Resveratrol, a polyphenol found in grapes, berries, and peanuts, exhibits antioxidant and anti-inflammatory effects. Preliminary research suggests that resveratrol may assist in reducing allergic reactions by inhibiting the release of histamine and reducing inflammatory markers.
Zinc is an essential mineral involved in immune function. Adequate zinc levels have been linked to reduced allergic responses. Zinc supplementation may enhance the activity of regulatory T-cells, which play a crucial role in maintaining immune balance and preventing excessive allergic reactions. It can also play an important role in protecting gut health and alleviating mood swings, which can also be a feature of elevated histamine.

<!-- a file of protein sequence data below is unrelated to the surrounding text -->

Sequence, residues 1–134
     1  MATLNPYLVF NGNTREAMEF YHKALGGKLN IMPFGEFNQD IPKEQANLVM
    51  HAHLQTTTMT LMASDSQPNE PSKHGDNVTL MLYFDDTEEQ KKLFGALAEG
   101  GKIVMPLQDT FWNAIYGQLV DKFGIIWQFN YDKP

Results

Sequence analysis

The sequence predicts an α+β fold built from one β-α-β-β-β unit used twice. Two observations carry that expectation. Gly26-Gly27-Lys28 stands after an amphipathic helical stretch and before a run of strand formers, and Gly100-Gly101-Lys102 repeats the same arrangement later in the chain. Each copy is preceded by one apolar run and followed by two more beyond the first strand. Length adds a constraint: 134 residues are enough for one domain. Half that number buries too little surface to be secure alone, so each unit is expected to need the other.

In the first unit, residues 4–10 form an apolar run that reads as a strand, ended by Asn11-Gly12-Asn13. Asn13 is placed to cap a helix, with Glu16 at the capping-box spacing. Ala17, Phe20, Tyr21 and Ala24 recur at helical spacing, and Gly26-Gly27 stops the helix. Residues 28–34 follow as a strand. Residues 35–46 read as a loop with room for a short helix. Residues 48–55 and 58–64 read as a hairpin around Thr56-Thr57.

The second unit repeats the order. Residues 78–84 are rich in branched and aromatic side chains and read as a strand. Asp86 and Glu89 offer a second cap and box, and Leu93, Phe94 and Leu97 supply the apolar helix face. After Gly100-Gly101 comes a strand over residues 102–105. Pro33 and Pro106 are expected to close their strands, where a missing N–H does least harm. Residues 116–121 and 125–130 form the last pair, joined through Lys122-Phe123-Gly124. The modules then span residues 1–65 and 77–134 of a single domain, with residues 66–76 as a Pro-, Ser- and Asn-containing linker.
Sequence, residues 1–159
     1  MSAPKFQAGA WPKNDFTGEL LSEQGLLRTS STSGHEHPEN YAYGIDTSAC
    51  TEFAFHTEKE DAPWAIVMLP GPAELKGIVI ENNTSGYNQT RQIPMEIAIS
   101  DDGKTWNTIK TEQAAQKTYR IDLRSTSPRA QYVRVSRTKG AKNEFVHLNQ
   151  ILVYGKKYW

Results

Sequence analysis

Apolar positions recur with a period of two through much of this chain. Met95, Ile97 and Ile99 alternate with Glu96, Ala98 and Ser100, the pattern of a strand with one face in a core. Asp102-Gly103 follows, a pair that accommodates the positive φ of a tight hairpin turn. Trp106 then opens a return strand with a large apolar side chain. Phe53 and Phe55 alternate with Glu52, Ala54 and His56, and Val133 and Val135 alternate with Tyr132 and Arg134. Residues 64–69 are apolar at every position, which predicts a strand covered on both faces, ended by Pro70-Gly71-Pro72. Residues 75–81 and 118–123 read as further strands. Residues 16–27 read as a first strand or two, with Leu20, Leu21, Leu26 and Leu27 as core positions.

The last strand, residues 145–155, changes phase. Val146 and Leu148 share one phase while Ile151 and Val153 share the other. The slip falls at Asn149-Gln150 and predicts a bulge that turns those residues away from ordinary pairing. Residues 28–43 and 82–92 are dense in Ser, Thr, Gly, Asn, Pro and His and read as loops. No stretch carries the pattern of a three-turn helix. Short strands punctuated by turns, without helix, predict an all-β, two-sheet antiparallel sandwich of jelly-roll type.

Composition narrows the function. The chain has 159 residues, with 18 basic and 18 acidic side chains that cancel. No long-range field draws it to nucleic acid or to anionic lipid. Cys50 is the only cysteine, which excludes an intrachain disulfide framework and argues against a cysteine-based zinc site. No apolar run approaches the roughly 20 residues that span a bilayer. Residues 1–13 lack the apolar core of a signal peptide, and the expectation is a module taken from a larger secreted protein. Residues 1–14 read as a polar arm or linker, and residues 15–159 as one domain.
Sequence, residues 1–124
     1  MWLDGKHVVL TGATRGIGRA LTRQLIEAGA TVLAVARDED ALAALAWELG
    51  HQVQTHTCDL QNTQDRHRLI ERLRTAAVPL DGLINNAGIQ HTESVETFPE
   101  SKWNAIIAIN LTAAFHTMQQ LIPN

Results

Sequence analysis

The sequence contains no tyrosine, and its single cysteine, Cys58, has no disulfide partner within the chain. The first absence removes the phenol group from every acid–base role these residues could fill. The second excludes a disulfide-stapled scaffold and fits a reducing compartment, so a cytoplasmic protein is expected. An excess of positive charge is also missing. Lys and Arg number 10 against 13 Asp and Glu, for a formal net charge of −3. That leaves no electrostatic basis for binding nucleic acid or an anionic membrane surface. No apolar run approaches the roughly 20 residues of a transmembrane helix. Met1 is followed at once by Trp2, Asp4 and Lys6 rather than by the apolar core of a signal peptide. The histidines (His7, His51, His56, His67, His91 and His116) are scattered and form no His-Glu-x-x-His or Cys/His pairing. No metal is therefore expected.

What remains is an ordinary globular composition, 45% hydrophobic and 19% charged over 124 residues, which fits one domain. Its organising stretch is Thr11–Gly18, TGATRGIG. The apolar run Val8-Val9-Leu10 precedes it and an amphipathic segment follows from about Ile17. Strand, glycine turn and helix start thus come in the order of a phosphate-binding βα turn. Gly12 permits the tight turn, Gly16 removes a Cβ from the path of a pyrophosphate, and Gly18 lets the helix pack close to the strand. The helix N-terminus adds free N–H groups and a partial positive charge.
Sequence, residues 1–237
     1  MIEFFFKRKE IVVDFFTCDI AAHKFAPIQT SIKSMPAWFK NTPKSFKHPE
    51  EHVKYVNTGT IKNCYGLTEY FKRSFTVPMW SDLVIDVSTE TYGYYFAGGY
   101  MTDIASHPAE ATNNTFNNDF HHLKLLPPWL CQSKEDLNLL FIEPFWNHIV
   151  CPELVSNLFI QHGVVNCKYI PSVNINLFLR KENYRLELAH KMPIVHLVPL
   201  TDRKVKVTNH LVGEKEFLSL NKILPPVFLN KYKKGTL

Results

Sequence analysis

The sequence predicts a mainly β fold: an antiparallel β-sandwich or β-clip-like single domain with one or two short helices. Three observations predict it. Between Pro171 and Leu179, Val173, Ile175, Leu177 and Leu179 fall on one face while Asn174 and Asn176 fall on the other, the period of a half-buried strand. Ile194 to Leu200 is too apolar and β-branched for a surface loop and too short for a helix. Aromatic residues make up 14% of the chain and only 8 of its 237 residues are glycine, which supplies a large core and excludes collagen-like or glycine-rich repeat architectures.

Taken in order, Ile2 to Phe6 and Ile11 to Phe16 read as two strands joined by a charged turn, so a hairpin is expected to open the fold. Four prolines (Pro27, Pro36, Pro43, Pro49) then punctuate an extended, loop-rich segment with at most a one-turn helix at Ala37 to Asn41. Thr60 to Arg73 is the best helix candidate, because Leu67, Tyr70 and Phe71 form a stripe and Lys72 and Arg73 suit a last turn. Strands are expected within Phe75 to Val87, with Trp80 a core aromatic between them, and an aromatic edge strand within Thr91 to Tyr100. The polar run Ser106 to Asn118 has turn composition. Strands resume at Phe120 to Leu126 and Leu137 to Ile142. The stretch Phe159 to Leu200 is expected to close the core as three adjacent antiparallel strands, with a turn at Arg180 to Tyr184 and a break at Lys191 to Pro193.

6. Brassica Vegetables
As well as being a dietary source of quercetin, cruciferous vegetables, including broccoli, cauliflower, and Brussels sprouts, contain a group of strongly antioxidant compounds called glucosinolates. These compounds can be converted into isothiocyanates, which exhibit anti-inflammatory and immune-modulating properties. Studies have suggested that brassica consumption may be associated with a reduction allergic reactivity. Brassica’s allergy and immune activity is even being explored by scientists looking into the benefit of broccoli sprout extract when taken in conjunction with corticosteroid nasal sprays for allergic rhinitis.